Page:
Review Summary: Mastodon continue to challenge themselves, and doing so without losing any bit of consistency.
I absolutely love Mastodon. And even though I only saw them live once -with quite some mechanical failures on stage, I feel like they've been a big part of my life. Leviathan was one of the first metal albums I listened to. Two years later, Blood Mountain became the holiday anthem for both me and my friends, when we went on vacation through Europe for the first time. And Crack the Skye, well... Crack the Skye is kind of an oddball in a whole lot of ways. The point is, Mastodon are back. NOT doing what made them so great since their debut, and I wouldn't want it any other way.
Two songs into The Hunter, you'll notice that this isn't the same Mastodon we've come accustomed to in the past years. The second song, Curl of the Burl, was released a couple months prior to the album's release. And with it came skepticism and hesitance about the band's possible new direction, mostly because of its rather conservative structure. After hearing the album in full, it's safe to say that those early presumptions were misplaced. Mastodon have found a way to blend the progressive and technical aspects of Crack the Skye with the more experimental approach of Blood Mountain. Come to think of it, those two albums could be replaced by Leviathan and Remission respectively, which shows an interesting cycle within the band's discography.
Anyway, while The Hunter lacks the 13-minute epics we've come to expect from the band, The Hunter makes up for it with variety. Songs like Creature Lives, Stargasm, Spectrelight and the previously mentioned Curl of the Burl all show a very different side of the band. It more than before reeks of Kyuss, Baroness and even Pink Floyd or The Sword. Mastodon took their time to look over the fence, discover what's on the other side and see if they can do it as well. And boy, they can.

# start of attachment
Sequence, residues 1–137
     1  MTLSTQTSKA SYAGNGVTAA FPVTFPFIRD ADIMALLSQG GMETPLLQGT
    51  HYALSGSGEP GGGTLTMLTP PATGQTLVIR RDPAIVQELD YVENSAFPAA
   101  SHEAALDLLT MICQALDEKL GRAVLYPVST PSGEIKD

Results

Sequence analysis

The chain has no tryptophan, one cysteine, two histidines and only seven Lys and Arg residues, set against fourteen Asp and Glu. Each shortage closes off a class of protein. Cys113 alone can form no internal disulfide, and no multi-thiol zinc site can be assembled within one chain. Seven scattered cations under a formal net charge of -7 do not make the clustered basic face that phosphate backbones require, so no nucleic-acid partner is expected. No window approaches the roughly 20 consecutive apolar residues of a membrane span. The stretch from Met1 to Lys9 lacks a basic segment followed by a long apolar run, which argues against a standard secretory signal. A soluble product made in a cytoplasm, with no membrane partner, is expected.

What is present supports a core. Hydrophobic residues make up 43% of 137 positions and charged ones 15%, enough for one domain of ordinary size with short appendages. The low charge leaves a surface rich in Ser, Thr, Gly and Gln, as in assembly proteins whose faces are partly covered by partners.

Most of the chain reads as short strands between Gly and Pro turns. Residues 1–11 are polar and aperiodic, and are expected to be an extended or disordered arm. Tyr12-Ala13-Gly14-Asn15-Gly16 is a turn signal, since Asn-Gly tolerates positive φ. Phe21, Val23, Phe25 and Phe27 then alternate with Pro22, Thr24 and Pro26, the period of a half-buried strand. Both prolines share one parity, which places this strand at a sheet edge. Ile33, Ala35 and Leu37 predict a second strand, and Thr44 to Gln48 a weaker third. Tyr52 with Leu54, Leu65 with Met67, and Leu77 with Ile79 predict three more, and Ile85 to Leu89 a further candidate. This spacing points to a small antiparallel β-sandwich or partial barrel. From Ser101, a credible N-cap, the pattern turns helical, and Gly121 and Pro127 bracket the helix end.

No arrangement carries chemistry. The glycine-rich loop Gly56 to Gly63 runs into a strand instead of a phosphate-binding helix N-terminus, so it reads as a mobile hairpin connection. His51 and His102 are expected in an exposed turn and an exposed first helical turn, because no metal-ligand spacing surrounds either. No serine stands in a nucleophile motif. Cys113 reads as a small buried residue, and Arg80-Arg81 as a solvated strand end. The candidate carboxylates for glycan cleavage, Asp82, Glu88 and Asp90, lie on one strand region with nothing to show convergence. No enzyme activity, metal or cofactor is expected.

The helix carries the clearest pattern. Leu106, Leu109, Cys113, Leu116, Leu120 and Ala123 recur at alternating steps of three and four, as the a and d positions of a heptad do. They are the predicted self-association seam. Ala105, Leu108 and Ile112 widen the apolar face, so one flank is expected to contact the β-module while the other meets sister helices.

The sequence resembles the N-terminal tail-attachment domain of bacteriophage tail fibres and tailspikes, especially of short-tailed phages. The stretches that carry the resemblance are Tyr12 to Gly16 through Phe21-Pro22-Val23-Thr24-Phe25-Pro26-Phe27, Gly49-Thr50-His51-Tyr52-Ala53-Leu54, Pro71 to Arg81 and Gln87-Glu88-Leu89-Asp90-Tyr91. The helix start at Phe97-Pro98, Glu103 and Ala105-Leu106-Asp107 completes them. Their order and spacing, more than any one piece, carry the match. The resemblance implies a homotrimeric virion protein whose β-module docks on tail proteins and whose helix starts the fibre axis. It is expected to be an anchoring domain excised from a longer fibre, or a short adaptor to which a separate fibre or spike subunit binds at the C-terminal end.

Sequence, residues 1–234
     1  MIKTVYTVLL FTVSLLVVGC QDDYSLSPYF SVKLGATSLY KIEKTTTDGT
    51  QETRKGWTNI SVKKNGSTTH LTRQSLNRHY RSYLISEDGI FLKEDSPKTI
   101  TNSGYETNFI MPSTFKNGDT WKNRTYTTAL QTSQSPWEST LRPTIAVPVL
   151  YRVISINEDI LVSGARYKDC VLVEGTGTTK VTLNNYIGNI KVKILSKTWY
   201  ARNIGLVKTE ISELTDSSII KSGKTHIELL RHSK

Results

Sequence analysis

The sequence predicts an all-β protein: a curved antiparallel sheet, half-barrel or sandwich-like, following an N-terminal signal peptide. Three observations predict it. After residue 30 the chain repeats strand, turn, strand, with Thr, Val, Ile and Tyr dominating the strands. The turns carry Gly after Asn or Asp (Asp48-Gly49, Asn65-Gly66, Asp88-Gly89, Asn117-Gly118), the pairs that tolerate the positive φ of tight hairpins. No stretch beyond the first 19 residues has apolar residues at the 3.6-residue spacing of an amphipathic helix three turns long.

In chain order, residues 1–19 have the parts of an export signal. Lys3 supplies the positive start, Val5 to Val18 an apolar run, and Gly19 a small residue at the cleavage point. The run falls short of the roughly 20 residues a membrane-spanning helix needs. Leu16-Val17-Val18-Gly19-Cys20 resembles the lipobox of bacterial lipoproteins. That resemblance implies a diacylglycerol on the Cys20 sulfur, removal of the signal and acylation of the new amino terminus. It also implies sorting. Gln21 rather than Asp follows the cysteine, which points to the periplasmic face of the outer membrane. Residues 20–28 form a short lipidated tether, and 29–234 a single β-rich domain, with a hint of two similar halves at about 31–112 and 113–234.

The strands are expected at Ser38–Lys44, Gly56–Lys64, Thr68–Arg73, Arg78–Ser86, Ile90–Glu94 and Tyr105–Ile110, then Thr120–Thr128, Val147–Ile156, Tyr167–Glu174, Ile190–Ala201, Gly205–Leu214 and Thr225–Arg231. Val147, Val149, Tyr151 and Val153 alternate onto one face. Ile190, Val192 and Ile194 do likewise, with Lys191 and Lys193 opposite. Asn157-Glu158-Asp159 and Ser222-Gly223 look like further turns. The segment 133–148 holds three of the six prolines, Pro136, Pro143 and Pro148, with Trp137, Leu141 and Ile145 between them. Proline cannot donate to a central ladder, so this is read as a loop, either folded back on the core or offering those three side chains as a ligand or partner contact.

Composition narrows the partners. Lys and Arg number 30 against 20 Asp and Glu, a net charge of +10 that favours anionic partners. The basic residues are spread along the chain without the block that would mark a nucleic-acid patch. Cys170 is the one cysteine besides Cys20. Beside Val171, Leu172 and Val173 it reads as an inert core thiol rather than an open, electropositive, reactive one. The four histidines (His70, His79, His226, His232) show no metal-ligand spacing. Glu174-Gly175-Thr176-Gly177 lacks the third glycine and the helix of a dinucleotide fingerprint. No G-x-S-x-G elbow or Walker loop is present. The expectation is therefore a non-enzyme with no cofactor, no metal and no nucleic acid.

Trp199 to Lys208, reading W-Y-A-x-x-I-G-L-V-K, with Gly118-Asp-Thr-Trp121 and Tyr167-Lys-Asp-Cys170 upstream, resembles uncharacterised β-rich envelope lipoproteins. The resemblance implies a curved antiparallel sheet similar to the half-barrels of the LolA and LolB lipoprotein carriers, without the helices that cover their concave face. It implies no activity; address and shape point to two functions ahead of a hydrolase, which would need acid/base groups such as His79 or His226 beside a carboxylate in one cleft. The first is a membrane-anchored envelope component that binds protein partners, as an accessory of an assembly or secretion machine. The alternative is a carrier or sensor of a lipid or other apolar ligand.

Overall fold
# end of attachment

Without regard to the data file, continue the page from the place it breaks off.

Surprisingly, the result is cohesive and rather straightforward. Which in this case is a good thing. It shows that the band have successfully managed to stray of the crazy experimental path that was set by Blood Mountain, while still retaining their signature style of playing heavy metal. In short, they've continued to challenge themselves, and doing so without losing any bit of consistency.
So what does all that make this album? A compilation album? Another interesting experiment? A show-off? Or maybe even a magnum opus? You can call it whatever you want. I call it an amazing addition to one of the most impressive discographies of any band out there, both in number and quality.
In a little less than two months I will go on a world trip, on my own. First stop, the US. Boston, to be exact. November 21st, I'll see Mastodon at the House of Blues to not only kick my journey off, but with that, another chapter in my life.